One of the factors that make cooking such an ordeal for me is something that I’ve left largely unmentioned in these cooking posts. I have memory difficulties as a result of a head injury at birth. Hence, performing a multi-step operation involving many food products- something that takes lots of stages and involves doing different things at the same time- has always been a challenge. But it’s a challenge I decided to undertake regardless, and since November '11 when I cooked a cheese soufflé of all things, I’ve documented every recipe I’ve cooked right here.
I’ve rarely been explicit about why I’ve blogged up these meals. I’ve not made it particularly clear that making a meal is- or was- a major struggle, and I’ve not been open about the process of how someone with a memory difficulty goes about the act of cooking. Until now.
So, I’ll detail the process in the hope that it might help others with memory difficulties who are trying to attain the kind of independence that I’ve strived for.
First up, you’ll need the cookbook. I’m using The Hairy Dieters. You’ll also need an Android phone to do things the way I’m doing it. Download the Notes app and create a new list inside this app. Title the list “shopping” and list out all of the ingredients you’ll need to buy.
Go shopping. As you buy each item, the app will allow you to “strike” them off, so you can still see what you’ve picked up and what you still need to find on the shelves.
Second, lay out all of your ingredients at home. Open the cookbook on the relevant page and bookmark it. Use your phone to photograph all of the ingredients.
Keep a notebook and pen nearby. (Not too close to the ingredients, though- don’t get food stains on your notes.) Follow the instructions. Make a note of any problems that you have. Was the recipe clear? How did you find juggling tasks? The more detailed your notes, the easier it will be to correct mistakes. It will also be easier to write up the process later, like I do.
Photograph all of the stages of cooking, as shown.
Take the meal, the notebook and the pen to the table. Eat. Review the meal. Does it taste good? Was it worth the effort / money? Were there any other thoughts you had?
To answer: yes, yes, no.
One of the issues that arise because of memory difficulties is not that you particularly forget something; it's that you just don't think of something to begin with. Take, for instance, the cheese soufflé where I didn't know what “separate the eggs” meant, or the quiche that I only eight a third of as my parents were away and I had no-one to share it with. In this instance, it never occurred to me that I could cut the quiche into sections, box them up separately, freeze the boxes and take each box out one at a time for meals. I've got to make these mistakes (and throw half a meal away) to learn. But it's also important to document that somewhere- perhaps on a blog like this one. This might help the technique to become “crystallised” in your brain. This means what you've learned will ingrain, and you won't have to rely on notes for every little thing.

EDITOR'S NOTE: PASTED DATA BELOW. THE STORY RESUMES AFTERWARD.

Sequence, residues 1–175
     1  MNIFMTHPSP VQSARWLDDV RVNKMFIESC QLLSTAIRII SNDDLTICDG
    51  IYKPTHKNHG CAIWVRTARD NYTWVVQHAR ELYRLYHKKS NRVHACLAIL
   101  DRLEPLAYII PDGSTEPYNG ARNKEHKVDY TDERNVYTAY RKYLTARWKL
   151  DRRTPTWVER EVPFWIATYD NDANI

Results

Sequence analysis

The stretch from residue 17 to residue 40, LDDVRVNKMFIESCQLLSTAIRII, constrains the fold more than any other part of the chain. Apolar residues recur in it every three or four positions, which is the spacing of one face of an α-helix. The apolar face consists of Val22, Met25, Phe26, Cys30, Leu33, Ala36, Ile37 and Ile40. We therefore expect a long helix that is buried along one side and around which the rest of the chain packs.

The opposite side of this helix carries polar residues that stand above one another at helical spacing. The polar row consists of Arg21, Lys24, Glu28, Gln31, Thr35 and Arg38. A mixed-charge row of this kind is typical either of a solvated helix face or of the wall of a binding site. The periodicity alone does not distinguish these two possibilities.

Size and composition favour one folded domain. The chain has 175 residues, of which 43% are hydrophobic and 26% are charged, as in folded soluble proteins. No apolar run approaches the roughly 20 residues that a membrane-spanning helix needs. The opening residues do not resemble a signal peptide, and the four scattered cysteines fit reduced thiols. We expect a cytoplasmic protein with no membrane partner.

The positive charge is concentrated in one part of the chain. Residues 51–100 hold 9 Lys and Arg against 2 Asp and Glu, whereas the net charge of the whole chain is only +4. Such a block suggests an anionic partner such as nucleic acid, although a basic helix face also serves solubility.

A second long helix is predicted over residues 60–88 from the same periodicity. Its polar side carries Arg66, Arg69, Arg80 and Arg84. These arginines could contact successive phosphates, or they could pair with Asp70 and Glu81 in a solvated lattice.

This week, I cooked Roasted Cod with Parma Ham and Peppers. It served 4, but as I'd only be taking it to my mum and dad's to eat and they'd have cooked something themselves as well, I cut the ingredients in half. Or at least, I tried to.
Constantly halving every instruction is a bit of a test, and I ended up cutting up too many peppers. Also, I bought actual cod instead of cod fillets. The only fillets I know of are those that are already boxed and breadcrumbed and ready to bung in the oven. I suppose I could have looked for a third kind.
This became a problem when The Bikers ask to “remove any bones you see with tweezers.” As I hadn't bought fillets, this would have taken hours. Also, the only tweezers I own come from my Swiss Army knife, and they're so small that the bones snap off when I'm trying to extract them. So I gave up with that. The parents and I would just have to take a bit of care when eating.
It tasted good. I took the remainder to my parent's house the next day. We couldn't mic it up again because of the shape of the food, and also the texture would have been ruined. But reheating it in the oven worked and didn't dry it out as badly as we'd suspected. They liked it too.
In conclusion, the constant documentation in photograph and hand-written note form allowed me to pinpoint what went well and what didn't go so well. And on the whole, it was a successful meal. Knowledge is power, as Sir Francis Bacon reportedly said.